I recently had the opportunity to work for a client who wanted to develop what they termed "app indexing". What they meant by this was that they wanted their users to be directed into a specific screen of their iPhone app when they tapped on a particular Google search result. Put differently, they wanted the user to feel as if Google had returned search results specifically for their iPhone app.
They also wanted to be able to send out links via email, SMS or other marketing channels. If the app was installed, opening such a link on their phone would result in the user being taken to the relevant points in the iPhone app. If the app wasn't installed then they would just be taken to the mobile website.
The way this is achieved is through what Apple refer to as "Universal Links". In this post I'm going to discuss how we implemented Universal Links at a client of ours, some of the obstacles we faced, and how we overcame those obstacles.
In June 2015, Apple announced at WWDC that they were open-sourcing the Swift language and its runtime libraries. On December 3rd that year they made good on their promise. In this post I'd like to talk about why this is significant, particularly for server-side developers.
We’ve all heard developers say it: “I’m a terrible drawer” or “I’ve got no design skills”. Perhaps we’re even guilty of saying it ourselves - I know I am. But after attending this year’s Swipe Conference I now subscribe to the opinion that this is no longer acceptable. We are all responsible for the design of the app we are building; developer, designer, tester, or producer: every member of the team is accountable for helping shape the app’s design and interactions.
When I first started learning Objective-C and the iOS SDK 2.x a few years ago, one thing that I constantly struggled to get my head around was Interface Builder. More specifically, why should I use it and how it could possibly benefit my iOS development - given that I could code a UI programmatically, and know exactly how it all worked? A colleague of mine even wrote a blog entry that mirrored my exact feelings towards Interface Builder back then.
Well over the past 6-12 months my attitude towards Interface Builder has changed. There are two reasons for this. Firstly, it's now nicely integrated into XCode 4. Prior to that, who wanted to have 2 different apps running (XCode and Interface Builder) with popup windows spamming your desktop? That was a deal-breaker for me. Secondly, I'm now a more experienced developer. After using Interface Builder on a couple of projects, I am confident to say I am now more efficient as a developer when using Interface Builder. However, that wasn't always the case, which leads me to my key message here:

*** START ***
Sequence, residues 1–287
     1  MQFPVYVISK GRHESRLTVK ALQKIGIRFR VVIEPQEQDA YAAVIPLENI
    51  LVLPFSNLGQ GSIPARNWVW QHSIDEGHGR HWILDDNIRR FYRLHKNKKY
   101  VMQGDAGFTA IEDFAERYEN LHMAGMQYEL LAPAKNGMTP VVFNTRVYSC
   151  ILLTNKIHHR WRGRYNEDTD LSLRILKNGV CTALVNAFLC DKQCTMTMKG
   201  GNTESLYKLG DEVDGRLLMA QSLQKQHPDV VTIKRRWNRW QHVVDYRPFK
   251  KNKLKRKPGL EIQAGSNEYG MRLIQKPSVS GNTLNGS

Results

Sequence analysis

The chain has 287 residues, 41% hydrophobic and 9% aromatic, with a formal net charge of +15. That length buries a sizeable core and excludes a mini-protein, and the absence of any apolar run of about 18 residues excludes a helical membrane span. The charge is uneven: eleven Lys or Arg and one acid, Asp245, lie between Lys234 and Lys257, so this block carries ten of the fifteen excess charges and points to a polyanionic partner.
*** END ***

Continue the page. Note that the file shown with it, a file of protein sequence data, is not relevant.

If you're new to iOS development, don't touch Interface Builder until you are capable of building UIs programatically.
I thought it was about time I should put together a simple guide on using Jenkins to build your iOS application - and for those of us that use the awesome testflightapp.com website for managing our iOS app distribution for testing, I have included details on creating a Jenkins job to publish the latest successful artifact to testflightapp.com.
Not that long ago I gave a demo in which I showed how it was possible to control iTunes from my laptop using native Ruby code.
This was all possible because of a great little gem called rb-appscript.
rb-appscript is a really neat Ruby to AppleScript bridge...
As a relative newby to the world of Cocoa programming (on the iPhone in particular), I have spent some time trying to understand if and when you'd use a run-loop instead of launching a separate thread. I was unable to find any definitive answer on...
After having gone through the pain of installing Ruby on Rails on my MacBook Pro running Tiger (OS X 10.4) I was pleased to see that Leopard (OS X 10.5) ships with Rails 'pre-installed' and ready to go.
So, after I upgraded my installation on Friday night I was perplexed when trying to run my Rails apps. Why was it broken?
In the end, it turns out there were several problems.